In late 1944, barely two years after Stilwell accepted responsibility for building the Ledo Road, it connected to the Burma Road though some sections of the road beyond Myitkyina at Hukaung Valley were under repair due to heavy monsoon rains, and it became a highway stretching from Assam, India to Kunming, China 1,079 miles (1736 km) length. On January 12, 1945, the first convoy of 113 vehicles led by General Pick from Ledo reached Kunming, China on February 4, 1945. Over the next seven months 35,000 tons of supplies in 5,000 vehicles were carried along it.

There was a mile sign at the start of the Ledo Road with the following information
When flying over the Hukaung Valley during the monsoon, Mountbatten asked his staff what was the name of the river below them. An American officer replied, "That's not a river, it's the Ledo Road."
[edit] American Army units assigned to the Ledo Road
The units initially assigned to the initial section were: [3]
45th Engineer General Service Regiment (An African-American Unit)
823rd Aviation Engineer Battalion (EAB) (An African-American Unit)
In 1943 they were joined by:

848th EAB (An African-American Unit)
849th EAB (An African-American Unit)
858th EAB (An African-American Unit)
1883rd EAB (An African-American Unit)

Work continued through 1944 in late December it was opened for the transport of logistics. In January 1945, four of the black EABs (along with three white battalions) continued working on the now renamed Stilwell Road, improving and widening it.

Views on the construction the road
Winston Churchill called the project "an immense, laborious task, unlikely to be finished until the need for it has passed".
The British Field Marshal William Slim who commanded the British Fourteenth Army in India/Burma wrote of the Ledo Road:
I agreed with Stilwell that the road could be built. I believed that, properly equipped and efficiently led, Chinese troops could defeat Japanese if, as would be the case with his Ledo force, they had a considerable numerical superiority. On the engineering side I had no doubts. We had built roads over country as difficult, with much less technical equipment than the Americans would have. My British engineers, who had surveyed the trace for the road for the first eighty miles [130 km], were quite confident about that. We were already, on the Central front, maintaining great labor forces over equally gimcrack lines of communication. Thus far Stilwell and I were in complete agreement, but I did not hold two articles of his faith. I doubted the overwhelming war-winning value of this road, and, in any case, I believed it was starting from the wrong place. The American amphibious strategy in the Pacific, of hopping from island to island would, I was sure, bring much quicker results than an overland advance across Asia with a Chinese army yet to be formed. In any case, if the road was to be really effective, its feeder railway should start from Rangoon, not Calcutta. [4]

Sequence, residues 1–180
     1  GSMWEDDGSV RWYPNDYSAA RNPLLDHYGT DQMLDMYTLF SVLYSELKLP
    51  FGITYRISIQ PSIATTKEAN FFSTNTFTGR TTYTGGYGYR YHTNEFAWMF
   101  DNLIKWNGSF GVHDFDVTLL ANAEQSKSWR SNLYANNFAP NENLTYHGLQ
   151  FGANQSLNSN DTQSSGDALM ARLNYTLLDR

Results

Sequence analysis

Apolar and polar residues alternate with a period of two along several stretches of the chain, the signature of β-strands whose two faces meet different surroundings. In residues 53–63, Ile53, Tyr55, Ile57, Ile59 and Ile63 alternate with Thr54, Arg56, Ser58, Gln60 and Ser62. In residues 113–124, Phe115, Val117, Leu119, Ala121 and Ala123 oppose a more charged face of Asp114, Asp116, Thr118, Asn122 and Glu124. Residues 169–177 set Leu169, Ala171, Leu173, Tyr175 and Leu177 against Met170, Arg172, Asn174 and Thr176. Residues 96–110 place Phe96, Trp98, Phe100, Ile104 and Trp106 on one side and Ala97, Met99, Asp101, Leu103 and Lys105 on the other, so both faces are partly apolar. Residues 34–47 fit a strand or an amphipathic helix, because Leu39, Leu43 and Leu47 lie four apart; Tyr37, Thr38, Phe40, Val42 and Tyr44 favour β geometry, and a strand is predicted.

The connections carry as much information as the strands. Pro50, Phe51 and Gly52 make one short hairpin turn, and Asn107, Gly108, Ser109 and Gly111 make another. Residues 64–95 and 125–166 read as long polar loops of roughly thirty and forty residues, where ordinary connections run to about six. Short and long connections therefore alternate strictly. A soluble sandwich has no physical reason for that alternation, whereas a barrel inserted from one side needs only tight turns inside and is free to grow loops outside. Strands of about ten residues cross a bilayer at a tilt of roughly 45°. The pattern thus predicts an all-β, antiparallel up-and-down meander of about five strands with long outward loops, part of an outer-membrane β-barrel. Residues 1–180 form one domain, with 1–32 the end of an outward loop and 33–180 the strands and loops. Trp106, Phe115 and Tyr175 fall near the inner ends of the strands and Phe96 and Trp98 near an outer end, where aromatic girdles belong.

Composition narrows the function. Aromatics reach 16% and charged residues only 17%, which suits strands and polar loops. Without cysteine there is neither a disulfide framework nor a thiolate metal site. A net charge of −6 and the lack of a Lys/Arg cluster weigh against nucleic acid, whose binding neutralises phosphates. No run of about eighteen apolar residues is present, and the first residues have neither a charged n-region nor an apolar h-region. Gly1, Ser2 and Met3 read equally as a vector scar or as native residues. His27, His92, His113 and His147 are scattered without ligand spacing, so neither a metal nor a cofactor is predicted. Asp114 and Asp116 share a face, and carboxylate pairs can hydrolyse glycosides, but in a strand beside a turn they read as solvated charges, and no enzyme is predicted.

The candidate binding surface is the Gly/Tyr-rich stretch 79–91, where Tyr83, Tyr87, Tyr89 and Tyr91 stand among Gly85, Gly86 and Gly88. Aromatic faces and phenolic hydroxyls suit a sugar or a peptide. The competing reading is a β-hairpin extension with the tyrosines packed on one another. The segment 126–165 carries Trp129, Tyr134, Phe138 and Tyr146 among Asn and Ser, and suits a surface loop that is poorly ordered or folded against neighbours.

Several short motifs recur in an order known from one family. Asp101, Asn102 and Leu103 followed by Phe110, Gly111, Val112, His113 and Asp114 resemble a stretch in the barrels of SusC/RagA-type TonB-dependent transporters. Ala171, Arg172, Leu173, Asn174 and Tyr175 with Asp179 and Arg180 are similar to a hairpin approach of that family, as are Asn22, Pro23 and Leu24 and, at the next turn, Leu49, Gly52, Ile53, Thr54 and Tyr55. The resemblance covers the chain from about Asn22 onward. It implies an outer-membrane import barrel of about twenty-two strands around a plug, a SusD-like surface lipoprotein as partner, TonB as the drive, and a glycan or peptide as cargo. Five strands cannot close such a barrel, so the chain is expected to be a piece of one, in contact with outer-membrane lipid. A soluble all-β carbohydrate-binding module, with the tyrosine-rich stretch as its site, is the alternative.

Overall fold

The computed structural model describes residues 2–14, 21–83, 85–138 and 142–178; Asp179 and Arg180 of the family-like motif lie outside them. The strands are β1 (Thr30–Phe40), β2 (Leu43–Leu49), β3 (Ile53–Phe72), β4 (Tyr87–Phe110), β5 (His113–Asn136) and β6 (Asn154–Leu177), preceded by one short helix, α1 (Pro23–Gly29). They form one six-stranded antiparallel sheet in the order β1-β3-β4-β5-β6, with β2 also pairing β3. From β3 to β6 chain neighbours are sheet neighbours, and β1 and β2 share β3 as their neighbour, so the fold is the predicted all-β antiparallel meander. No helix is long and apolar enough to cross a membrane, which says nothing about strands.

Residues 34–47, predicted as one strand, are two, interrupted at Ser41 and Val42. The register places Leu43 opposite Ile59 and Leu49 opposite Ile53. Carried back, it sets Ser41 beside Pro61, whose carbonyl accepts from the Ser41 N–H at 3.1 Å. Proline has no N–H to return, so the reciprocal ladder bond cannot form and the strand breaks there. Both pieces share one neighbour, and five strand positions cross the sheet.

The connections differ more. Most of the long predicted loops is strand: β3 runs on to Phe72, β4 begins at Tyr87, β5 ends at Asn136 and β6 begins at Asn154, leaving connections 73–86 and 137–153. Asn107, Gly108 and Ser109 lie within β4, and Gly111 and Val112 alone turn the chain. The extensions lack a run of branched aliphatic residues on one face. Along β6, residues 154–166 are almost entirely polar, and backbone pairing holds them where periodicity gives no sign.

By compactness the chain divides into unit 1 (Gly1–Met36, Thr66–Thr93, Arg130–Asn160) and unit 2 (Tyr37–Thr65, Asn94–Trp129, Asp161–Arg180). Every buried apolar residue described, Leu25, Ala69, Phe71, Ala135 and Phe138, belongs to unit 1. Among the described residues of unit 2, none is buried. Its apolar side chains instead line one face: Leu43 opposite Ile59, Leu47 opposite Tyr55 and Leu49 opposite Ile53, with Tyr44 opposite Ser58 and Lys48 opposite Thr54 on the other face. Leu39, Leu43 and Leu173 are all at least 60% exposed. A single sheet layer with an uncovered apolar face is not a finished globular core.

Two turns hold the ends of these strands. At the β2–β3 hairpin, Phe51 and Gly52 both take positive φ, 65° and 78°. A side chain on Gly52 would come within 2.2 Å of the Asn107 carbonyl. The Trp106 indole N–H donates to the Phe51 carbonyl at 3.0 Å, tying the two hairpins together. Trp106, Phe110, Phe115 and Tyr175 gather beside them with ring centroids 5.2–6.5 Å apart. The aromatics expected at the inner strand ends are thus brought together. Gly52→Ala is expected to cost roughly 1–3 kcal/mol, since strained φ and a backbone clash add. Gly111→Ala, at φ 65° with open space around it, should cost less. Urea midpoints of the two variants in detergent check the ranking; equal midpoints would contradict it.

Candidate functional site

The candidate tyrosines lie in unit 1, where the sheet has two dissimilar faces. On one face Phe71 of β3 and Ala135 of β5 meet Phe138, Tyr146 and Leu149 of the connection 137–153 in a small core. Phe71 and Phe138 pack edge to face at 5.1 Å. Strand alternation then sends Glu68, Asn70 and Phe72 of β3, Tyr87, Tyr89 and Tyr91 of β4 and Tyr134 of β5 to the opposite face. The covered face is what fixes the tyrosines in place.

After India and Burma were liberated the road fell into gradual disrepair. The last recorded vehicular journey from Ledo to Myitkyina and beyond (but not to China) was the Oxford-Cambridge Overland Expedition which in 1955 drove from London to Singapore and back. For many years, travel into the region was highly restricted because of an active insurgency against the government. Between 1962 and the mid 1990s, there were harsh restrictions on travel into Burma applied against all outsiders. Beginning in the 1990s, Mike Jenkins made a number of attempts to reach the road (cf Jenkins' article in OUTSIDE magazine cited below in external links). He had any number of difficulties with the government of Burma. In particular, the Burmese government at the time of his travels was fanatically suspicious of any professional writer or journalist.

Other and more recent attempts to travel the road have met with different results. The expedition book written by Tim Slessor reported that bridges were down in the section between Pangsau Pass and Shingbwiyang. At present the Nampong-Pangsau Pass section is passable in 4WD vehicles. The road on the Burmese side is reportedly fit for vehicular traffic. Donovan Webster reached Shingbwiyang on wheels in 2001, and in mid-2005 veterans of the Burma Star Association were invited to join a 'down memory lane' trip to Shingbwiyang organized by a politically well connected travel agent. None of these groups which successfully traveled the road made any comment on the political or human rights situation on Burma afterward. Burmese from Pangsau village saunter nonchalantly across Pangsau Pass down to Nampong in India for marketing, for the border is open despite the presence of insurgents on both sides. There are Assam Rifles and Burma Army posts at Nampong and Pangsau respectively. But the rules for locals in these border areas do not necessarily apply to westerners. The governments of both countries keep careful watch on the presence of westerners in the border areas and the land border is officially closed. Those who cross without permission risk arrest or problems with smugglers/insurgents in the area.

Source: Wikipedia, the free encyclopedia